A drama that tracks the story of the foot soldiers of the early feminist movement, women who were forced underground to pursue a dangerous game of cat and mouse with an increasingly brutal State. These women were not primarily from the genteel educated classes, they were working women who had seen peaceful protest achieve nothing. Radicalized and turning to violence as the only route to change, they were willing to lose everything in their fight for equality - their jobs, their homes, their children and their lives. Maud was one such foot soldier. The story of her fight for dignity is as gripping and visceral as any thriller, it is also heart-breaking and inspirational.Written by
The first time that Brendan Gleeson interviews Carey Mulligan, Brendan's hands are resting on the table between them. You can see the watch on his left wrist, visible under his cuff. Wrist watches did not become popular for men until during/after the Great War (1914-1918). See more »
This is your moment to come forward and speak up. And I will choose one person from this laundry to deliver their testimony at the House of Commons. These will be heard by Chancellor of the Exchequer, Mr. Lloyd George.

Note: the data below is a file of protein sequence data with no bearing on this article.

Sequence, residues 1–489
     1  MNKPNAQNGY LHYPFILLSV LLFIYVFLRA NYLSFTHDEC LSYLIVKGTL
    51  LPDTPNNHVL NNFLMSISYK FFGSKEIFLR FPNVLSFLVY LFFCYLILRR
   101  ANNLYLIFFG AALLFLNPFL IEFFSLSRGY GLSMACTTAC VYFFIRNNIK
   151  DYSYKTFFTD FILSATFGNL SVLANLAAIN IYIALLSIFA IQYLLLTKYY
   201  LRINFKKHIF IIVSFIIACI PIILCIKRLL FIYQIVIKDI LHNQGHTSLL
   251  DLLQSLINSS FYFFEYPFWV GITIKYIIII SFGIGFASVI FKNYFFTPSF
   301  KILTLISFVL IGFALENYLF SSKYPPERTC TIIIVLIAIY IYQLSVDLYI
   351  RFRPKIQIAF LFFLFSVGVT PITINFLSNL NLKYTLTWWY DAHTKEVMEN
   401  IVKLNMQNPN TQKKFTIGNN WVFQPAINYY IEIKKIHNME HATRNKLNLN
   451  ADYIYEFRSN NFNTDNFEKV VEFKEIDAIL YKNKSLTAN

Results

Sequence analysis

No one cares, love.
Some of us do, Mrs. Coleman. So shut your bleedin' cake-hole!
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Western movies of the 1930-50ies related to an actual historical period, vaguely had something to do with actual historical events, and they sure were entertaining. I had the same feeling when I was watching Suffragette. It's well acted and filmed, and relatively entertaining (of course, defending a fort against the Indians has more oomph to it than standing up against the evil manager of a washhouse).
The film sets out to portray how women finally got the right to vote, but in my opinion it manages to get it pretty wrong. The narration goes "women don't have the vote, then Meryl Streep, erm, Emmeline Pankhurst shows up, throws a few publicity stunts, and walla!". That's scriptwriting 101. More interesting questions would have been: * Why was Pankhurst (and her organisation) so aggressive against Lloyd George and Woodrow Wilson, of all people? * Did her terrorism really help to further her cause, and how so? * What other advocates of women's suffrage were there? What were the dynamics between them? * What was the state of men's suffrage at the time? * What happened in the fifteen years between culmination of the film, the Epsom derby suicide stunt, and the eventual granting of the right to vote to women in the UK in 1928? It's not as if the one smoothly led to the other.
By the way, why is Emmeline Pankhurst shown as a privileged woman? From the movie I'd have thought that she was nobility. But in reality, she wasn't, she came from a middle class background.
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